Winding Down the War on Drugs: Reevaluating Global Drug Policy

Any discussion about transnational organized crime almost inevitably includes the trade in illicit drugs. A 2011 analysis by the United Nations Office on Drugs and Crime (UNODC) found that illicit drugs constitute the largest income source for transnational crime, accounting for about half of transnational crime proceeds, and one-fifth of all crime proceeds. The UNODC has estimated the value of the 2003 global illicit drugs market to be US$322 billion— higher than the GDP that year of 88 percent of the world’s countries.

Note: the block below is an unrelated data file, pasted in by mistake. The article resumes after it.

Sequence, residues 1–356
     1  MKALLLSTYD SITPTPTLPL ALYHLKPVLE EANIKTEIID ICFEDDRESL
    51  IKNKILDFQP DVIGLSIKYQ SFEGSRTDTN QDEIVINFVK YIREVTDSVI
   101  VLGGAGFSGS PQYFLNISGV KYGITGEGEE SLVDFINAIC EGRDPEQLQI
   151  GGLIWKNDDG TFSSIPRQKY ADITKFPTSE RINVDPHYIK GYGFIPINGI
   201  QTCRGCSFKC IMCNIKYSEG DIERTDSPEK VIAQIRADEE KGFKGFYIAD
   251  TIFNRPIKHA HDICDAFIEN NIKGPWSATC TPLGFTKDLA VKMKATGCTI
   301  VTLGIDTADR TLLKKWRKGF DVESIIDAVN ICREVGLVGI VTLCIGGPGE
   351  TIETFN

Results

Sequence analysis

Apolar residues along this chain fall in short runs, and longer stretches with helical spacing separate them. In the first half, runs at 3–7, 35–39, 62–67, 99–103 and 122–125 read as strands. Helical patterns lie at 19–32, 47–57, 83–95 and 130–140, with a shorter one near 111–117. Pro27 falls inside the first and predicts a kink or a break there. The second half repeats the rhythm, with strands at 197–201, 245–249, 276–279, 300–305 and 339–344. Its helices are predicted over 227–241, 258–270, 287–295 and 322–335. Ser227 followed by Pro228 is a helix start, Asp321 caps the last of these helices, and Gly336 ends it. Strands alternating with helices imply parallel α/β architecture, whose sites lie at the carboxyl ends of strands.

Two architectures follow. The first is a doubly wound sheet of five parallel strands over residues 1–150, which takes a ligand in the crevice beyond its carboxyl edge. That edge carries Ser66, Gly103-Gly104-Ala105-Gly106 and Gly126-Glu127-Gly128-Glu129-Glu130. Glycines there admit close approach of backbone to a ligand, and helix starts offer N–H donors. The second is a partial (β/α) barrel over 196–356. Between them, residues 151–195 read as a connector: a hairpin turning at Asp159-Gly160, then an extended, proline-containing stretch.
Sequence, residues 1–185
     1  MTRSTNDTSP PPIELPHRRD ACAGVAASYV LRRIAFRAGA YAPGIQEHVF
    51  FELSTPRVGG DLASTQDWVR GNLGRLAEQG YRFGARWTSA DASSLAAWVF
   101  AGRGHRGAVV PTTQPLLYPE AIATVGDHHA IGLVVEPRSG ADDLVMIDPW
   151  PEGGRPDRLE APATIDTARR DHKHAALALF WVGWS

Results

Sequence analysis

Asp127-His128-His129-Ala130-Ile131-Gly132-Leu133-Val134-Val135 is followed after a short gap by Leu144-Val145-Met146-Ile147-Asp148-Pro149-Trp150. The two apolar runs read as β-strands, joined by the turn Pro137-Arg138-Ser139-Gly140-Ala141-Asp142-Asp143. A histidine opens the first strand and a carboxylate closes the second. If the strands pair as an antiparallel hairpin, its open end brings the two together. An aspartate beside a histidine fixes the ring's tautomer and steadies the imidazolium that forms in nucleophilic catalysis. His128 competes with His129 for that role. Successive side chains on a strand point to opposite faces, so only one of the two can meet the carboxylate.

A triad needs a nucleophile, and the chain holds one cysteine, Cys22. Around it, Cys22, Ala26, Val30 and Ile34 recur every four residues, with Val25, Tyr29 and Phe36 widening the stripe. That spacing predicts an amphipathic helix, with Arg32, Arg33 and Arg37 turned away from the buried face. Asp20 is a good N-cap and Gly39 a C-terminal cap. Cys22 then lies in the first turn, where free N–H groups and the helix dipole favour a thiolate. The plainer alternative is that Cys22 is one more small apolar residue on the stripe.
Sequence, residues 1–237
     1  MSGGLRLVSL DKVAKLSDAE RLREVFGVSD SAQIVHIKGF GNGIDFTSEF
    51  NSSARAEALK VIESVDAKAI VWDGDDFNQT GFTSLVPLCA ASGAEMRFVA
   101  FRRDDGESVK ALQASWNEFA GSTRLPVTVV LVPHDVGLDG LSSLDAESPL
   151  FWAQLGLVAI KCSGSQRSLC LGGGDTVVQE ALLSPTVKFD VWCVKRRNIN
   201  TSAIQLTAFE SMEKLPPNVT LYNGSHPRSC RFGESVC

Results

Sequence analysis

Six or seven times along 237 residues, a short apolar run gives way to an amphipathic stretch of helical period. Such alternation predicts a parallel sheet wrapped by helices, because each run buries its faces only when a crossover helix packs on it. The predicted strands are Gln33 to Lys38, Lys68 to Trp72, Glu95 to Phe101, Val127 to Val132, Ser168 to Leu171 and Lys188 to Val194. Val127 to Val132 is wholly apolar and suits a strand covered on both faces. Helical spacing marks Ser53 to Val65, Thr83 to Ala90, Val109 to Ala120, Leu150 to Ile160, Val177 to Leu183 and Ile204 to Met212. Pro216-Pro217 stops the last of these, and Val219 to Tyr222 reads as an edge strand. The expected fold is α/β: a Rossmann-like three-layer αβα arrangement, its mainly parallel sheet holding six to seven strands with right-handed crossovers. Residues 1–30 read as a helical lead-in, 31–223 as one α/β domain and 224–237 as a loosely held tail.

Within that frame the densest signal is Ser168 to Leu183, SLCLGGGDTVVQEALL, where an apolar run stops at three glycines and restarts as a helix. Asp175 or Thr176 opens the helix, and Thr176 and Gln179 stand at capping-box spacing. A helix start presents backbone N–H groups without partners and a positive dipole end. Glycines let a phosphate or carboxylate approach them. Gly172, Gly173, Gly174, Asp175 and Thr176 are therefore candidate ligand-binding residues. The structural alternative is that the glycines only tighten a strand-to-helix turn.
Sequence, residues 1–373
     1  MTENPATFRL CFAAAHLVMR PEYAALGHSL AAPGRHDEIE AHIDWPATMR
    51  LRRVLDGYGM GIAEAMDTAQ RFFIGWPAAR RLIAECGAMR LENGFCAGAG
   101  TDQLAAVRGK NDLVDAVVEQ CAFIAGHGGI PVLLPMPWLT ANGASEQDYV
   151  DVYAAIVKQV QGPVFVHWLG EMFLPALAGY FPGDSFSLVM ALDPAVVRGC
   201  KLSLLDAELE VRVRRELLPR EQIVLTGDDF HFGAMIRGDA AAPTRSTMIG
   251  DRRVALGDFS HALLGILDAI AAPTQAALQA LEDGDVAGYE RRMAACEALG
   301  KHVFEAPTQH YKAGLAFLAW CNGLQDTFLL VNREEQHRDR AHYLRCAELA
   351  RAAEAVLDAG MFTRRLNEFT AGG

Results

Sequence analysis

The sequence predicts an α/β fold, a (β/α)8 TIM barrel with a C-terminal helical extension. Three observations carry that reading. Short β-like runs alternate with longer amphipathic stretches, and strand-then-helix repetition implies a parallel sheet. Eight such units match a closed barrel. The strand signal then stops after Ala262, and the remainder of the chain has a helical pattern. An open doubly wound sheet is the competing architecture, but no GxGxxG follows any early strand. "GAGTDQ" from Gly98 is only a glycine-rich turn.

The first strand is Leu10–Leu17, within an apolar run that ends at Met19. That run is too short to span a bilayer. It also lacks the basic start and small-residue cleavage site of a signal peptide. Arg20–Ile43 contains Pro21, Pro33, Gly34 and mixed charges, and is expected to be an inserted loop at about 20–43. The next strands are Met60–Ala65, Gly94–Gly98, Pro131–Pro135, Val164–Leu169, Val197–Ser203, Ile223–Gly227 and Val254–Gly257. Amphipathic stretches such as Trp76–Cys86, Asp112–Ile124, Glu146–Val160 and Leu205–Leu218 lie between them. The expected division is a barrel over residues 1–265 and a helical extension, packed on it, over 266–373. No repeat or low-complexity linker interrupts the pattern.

Organized criminal groups from Mexico and Colombia to Guinea-Bissau, Russia, and Afghanistan obtain vast wealth from various facets of the illicit drug trade. They often use those resources to secure protection for their activities through corruption of state officials. Many of these groups have engaged in extreme violence to enforce their control and intimidate rivals.

Since the early 1960s, the primary international policy response to this trade...

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